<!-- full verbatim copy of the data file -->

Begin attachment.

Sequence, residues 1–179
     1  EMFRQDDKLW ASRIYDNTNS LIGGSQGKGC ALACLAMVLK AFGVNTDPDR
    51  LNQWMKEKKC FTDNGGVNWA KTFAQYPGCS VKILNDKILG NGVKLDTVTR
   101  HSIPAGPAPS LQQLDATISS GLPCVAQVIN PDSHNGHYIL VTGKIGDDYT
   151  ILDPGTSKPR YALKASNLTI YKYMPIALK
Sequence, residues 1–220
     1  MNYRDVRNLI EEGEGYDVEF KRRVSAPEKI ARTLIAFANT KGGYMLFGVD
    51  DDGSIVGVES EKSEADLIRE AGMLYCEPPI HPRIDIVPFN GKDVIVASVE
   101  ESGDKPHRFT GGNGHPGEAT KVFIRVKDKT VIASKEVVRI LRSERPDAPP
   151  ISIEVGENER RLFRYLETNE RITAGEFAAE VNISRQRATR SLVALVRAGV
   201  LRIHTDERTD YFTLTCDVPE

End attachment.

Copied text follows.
Sequence, residues 1–179
     1  EMFRQDDKLW ASRIYDNTNS LIGGSQGKGC ALACLAMVLK AFGVNTDPDR
    51  LNQWMKEKKC FTDNGGVNWA KTFAQYPGCS VKILNDKILG NGVKLDTVTR
   101  HSIPAGPAPS LQQLDATISS GLPCVAQVIN PDSHNGHYIL VTGKIGDDYT
   151  ILDPGTSKPR YALKASNLTI YKYMPIALK
Sequence, residues 1–220
     1  MNYRDVRNLI EEGEGYDVEF KRRVSAPEKI ARTLIAFANT KGGYMLFGVD
    51  DDGSIVGVES EKSEADLIRE AGMLYCEPPI HPRIDIVPFN GKDVIVASVE
   101  ESGDKPHRFT GGNGHPGEAT KVFIRVKDKT VIASKEVVRI LRSERPDAPP
   151  ISIEVGENER RLFRYLETNE RITAGEFAAE VNISRQRATR SLVALVRAGV
   201  LRIHTDERTD YFTLTCDVPE